Ernie Hudson Reveals Season 3 Details Of BET+ Series ‘The Family Business’

The veteran actor talks to about his decades in Hollywood and the complexity of his characters.

Season three of The Family Business on BET+ premiered in October, and it is absolutely fire. The action picks up right where the previous season left off with cutthroat villains trying to destroy the tight-knit Duncan family.

Psychopathic Brother Xavier (played by Anthony Criss, better known as Treach from Naughty By Nature) has a broken heart that he feels can only be mended by murdering everyone in the phonebook with the last name Duncan. Meanwhile, billionaire businessman Alexander Cora (Steve Williams) hatches a plot to bring down the Duncan drug empire.

Veteran actor Ernie Hudson portrays the family patriarch L.C. Duncan, alongside Valarie Pettifrord, who plays his wife Charlotte “Chippy” Duncan. Together they prove to be a powerful king and queen reigning over a criminal enterprise immersed within the confines of their family drama.

The series is based on Carl Weber’s bestselling book series, The Family Business, about a Black family that seemingly earned wealth through their exotic car dealership in New York. Except, the Duncan clan’s three generations are all living a dangerous double life through their ties to the mob. sat down with Hudson for a chat about season three, reprising the role of L.C. Duncan role, and a quick overview of the 75-year-old actor’s body of work, which includes returning as Winston Zeddemore in the upcoming Ghostbuster: Afterlife. Congratulations on season three of The Family Business. So, season two ended with thrilling loose ends. What can you share about what’s ahead?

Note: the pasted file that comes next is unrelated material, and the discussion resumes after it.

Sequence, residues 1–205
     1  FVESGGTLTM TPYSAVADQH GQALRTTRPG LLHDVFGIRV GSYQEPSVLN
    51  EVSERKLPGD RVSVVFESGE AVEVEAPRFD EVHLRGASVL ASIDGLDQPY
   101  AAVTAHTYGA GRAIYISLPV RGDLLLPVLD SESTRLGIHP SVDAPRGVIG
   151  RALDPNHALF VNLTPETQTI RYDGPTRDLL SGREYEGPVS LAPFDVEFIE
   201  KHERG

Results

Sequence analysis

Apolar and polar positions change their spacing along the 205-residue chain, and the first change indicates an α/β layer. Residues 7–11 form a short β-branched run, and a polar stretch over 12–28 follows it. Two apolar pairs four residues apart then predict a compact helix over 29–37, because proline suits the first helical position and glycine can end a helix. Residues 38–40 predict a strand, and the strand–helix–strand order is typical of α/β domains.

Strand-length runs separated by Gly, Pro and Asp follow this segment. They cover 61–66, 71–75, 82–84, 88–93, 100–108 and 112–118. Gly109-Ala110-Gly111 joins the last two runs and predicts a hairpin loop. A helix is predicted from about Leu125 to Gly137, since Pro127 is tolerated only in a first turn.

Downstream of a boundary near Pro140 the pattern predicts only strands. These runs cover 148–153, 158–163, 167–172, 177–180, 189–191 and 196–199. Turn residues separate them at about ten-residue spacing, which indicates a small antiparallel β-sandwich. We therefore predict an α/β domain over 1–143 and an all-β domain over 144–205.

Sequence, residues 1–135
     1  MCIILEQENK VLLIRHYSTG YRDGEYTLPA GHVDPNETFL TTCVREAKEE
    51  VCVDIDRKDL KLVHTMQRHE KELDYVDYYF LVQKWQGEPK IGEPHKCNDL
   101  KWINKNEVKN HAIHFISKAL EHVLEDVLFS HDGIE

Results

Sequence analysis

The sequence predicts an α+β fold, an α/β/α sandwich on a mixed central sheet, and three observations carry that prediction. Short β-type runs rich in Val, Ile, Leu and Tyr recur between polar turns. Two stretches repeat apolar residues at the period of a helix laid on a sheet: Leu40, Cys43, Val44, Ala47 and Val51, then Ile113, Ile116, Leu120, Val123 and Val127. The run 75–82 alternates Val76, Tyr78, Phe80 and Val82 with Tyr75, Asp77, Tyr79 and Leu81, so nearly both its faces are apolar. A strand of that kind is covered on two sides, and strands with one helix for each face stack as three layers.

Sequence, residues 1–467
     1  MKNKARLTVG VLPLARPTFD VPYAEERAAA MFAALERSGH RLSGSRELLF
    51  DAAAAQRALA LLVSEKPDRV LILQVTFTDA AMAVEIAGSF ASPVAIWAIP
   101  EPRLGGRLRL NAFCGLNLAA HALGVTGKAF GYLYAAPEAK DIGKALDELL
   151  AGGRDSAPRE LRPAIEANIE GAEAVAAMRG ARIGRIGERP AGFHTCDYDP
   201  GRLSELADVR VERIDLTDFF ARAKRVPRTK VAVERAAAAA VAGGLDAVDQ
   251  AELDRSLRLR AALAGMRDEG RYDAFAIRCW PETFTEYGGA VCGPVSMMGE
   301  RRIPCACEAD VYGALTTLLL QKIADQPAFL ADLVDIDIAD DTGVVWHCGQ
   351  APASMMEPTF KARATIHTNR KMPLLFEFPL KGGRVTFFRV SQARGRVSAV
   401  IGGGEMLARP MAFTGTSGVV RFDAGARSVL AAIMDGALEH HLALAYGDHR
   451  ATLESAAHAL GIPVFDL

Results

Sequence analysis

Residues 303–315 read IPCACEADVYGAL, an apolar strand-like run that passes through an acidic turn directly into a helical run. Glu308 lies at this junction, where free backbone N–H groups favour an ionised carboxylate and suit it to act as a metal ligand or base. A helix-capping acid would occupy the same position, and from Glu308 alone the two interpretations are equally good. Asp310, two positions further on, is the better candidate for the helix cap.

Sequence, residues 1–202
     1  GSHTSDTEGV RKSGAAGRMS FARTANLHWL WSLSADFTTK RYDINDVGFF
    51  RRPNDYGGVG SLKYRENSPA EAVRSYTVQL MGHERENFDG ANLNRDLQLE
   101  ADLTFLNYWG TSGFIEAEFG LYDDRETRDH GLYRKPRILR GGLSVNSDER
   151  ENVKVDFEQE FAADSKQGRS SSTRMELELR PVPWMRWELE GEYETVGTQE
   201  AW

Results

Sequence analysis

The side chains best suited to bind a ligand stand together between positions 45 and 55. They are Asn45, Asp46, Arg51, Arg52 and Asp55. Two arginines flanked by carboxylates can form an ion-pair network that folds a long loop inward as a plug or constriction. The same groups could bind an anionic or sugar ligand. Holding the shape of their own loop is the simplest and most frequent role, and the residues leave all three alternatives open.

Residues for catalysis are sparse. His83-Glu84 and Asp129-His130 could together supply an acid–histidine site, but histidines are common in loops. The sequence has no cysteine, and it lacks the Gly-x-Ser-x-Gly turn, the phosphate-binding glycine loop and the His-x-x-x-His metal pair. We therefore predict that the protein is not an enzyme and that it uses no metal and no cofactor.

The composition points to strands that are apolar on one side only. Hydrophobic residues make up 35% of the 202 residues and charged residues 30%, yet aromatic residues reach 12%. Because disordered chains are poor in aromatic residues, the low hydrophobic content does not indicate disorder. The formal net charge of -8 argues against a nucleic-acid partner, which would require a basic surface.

Ernie Hudson: First, let me give Carl Weber and [director] Trey Haley a lot of credit because they managed to pull this together during the pandemic.

This family gets bigger than we've seen in the earlier seasons. Viewers are introduced to another of L.C.’s brothers. There's a lot of disagreement, a lot of misunderstanding and a lot of people with grievances. So the family is threatened from within and from without.

And we're introduced to some other characters, like the Irish mob. So, this takes the family from a national to an international playground. And so it just opens up a lot of possibilities. How does L.C. stack up against the numerous other characters you've played in your career?

Ernie Hudson: Well, I think in a lot of the work that I've done, and not just for me but a lot of African American actors, you play a character but you don't get to see the fullness of the character.

I used to go to schools and talk to the kids and make them honorary Ghostbusters. They would always ask, where does Winston (the Black ghostbuster) go? At first, I didn't understand what they meant. But basically, we don't know anything about Winston. He’s there, but we don't know if he’s married? Does he have kids?  Where does he live? Whereas the other [white] characters, we got to visit their home and know more about their characters.